once upon a time…
…I had a boyfriend who wanted me to make him a scarf. He picked the yarn, a hand-dyed alpaca, out of my vast stash. I picked the pattern: Vice Versa, crocheted but soft and supple and very decidedly not crochet-like. The pairing of the yarn and pattern was a match made in heaven, resulting in a beautiful dappled weave-like scarf.
I worked on it for months – on and off, granted, but months, nonetheless – usually while sitting in doctors’ waiting rooms and things like that. When the scarf was finally finished, and I proudly presented it to the boyfriend, he… didn’t like it. Said it was too scratchy for his sensitive neck. I could have cried. I mean, he was with me the entire time I was working on this scarf, more or less… why didn’t he voice his concerns before I invested so much time and energy into making it?
When things went south, I took the scarf back. (I mean, it’s not like it was really his anyway – he never wore it!) But I’m really not a heavy-bulky-scarf person; I get the tail ends of scarves caught in car doors, or they drag on the ground, or get forgotten in the trunk of my car when I throw it there out of frustration. So I started to think about embellishing the scarf and selling it.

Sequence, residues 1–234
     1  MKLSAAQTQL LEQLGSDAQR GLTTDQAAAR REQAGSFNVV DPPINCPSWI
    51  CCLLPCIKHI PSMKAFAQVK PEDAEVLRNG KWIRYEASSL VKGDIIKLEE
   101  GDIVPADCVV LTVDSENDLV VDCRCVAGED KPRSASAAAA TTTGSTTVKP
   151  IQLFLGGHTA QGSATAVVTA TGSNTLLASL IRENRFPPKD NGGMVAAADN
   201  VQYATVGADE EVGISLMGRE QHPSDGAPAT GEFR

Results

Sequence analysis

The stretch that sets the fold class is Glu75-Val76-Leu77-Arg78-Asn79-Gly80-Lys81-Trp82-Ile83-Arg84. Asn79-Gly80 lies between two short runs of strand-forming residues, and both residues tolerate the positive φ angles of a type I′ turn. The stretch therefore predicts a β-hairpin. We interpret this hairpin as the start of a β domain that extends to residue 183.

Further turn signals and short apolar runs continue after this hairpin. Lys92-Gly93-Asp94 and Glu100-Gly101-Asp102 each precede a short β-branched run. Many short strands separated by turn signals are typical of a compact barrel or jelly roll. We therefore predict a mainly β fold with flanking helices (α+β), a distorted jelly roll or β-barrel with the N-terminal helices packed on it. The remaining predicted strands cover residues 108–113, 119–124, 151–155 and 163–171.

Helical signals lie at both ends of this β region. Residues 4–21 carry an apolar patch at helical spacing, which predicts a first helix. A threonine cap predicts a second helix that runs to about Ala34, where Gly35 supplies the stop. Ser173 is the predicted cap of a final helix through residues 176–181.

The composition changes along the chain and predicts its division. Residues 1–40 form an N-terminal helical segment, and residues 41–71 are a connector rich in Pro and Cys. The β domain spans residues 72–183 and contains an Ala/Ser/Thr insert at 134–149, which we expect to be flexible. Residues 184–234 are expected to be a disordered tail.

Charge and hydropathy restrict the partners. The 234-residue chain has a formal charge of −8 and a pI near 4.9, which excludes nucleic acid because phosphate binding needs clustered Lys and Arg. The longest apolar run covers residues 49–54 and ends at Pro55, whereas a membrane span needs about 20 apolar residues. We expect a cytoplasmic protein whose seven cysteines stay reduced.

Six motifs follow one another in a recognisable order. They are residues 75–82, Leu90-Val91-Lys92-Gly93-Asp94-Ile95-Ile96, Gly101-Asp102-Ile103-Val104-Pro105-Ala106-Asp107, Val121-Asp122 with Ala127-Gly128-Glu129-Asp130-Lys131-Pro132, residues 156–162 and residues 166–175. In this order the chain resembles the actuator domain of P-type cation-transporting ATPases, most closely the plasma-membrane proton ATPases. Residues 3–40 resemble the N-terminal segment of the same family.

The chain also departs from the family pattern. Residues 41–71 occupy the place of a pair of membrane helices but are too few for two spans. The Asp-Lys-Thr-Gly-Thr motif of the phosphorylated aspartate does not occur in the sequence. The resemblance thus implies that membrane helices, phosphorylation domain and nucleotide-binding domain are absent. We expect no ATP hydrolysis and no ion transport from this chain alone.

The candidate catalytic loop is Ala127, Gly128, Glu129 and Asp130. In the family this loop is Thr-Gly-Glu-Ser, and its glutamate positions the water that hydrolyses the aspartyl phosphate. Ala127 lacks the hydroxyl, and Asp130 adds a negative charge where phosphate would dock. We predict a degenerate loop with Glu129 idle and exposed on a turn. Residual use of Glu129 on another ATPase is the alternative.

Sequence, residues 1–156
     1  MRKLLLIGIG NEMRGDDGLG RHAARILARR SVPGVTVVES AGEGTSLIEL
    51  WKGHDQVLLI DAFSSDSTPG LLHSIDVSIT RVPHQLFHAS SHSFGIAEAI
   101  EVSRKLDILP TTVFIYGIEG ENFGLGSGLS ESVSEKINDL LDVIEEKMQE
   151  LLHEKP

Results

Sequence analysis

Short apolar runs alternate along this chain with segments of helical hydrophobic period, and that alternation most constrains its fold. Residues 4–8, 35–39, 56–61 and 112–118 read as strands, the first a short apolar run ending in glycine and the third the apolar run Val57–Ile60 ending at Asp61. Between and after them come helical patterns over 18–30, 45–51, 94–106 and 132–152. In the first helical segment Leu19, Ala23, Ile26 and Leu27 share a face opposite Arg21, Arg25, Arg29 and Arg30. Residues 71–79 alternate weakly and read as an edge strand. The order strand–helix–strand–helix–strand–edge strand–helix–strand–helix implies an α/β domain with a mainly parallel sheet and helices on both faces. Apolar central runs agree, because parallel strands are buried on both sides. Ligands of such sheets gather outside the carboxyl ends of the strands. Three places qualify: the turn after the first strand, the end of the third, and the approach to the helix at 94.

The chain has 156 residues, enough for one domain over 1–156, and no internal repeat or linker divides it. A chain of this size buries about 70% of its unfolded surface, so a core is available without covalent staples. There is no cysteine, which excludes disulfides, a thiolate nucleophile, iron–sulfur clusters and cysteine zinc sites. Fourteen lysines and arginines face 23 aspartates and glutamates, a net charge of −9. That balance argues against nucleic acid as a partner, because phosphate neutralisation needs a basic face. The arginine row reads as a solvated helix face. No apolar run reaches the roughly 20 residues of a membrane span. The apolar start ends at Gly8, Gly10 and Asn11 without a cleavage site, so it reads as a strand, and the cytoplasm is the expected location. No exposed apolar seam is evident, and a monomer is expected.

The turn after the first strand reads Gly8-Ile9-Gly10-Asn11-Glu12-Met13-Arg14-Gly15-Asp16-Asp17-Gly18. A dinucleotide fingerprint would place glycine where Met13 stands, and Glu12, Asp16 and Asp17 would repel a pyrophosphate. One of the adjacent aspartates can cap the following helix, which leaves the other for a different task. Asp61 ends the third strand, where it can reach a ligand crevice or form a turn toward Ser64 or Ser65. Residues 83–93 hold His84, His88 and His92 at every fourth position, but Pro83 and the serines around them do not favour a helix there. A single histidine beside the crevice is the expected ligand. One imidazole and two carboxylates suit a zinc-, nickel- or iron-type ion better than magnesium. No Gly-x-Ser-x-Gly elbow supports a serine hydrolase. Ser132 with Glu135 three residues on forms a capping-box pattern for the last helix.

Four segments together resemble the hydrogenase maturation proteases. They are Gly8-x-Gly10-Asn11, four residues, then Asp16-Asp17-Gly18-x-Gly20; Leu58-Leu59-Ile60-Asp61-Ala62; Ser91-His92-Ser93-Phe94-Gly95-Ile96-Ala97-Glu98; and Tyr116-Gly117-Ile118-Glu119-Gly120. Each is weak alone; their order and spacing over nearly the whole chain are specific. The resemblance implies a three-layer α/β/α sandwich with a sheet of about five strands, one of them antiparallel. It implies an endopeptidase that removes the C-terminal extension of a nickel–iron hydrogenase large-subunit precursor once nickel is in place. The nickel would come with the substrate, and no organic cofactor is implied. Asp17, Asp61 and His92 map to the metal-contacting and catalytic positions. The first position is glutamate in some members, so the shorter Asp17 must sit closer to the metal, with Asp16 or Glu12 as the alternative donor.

There were a few miscues, but at long last, the scarf is finished. And I think that my idea of embellishing it was a good one, because the scarf sold (to a high school classmate, granted, but still! it sold!) within 5 minutes of listing it.
I don’t talk about it much, but I have a lot of problems selling my handknits. I mean, not selling them, per se, but pricing them to sell. I know damn well that I’m asking prices that are ridiculously cheap for items that take me weeks, sometimes months, to make. On the other hand, I look at my stuff as “nothing special”, something that the average Joe or Jane could easily make for themselves for about $5 if they took the time to learn a couple basic stitches.
This scarf sold for $35 – less than the cost of the yarn used to make it, and never mind the investment of time to crochet it, or the fact that those appliques took me about 5 hours to make and apply. But at this point, in this case, I’m just happy to have found her a good home.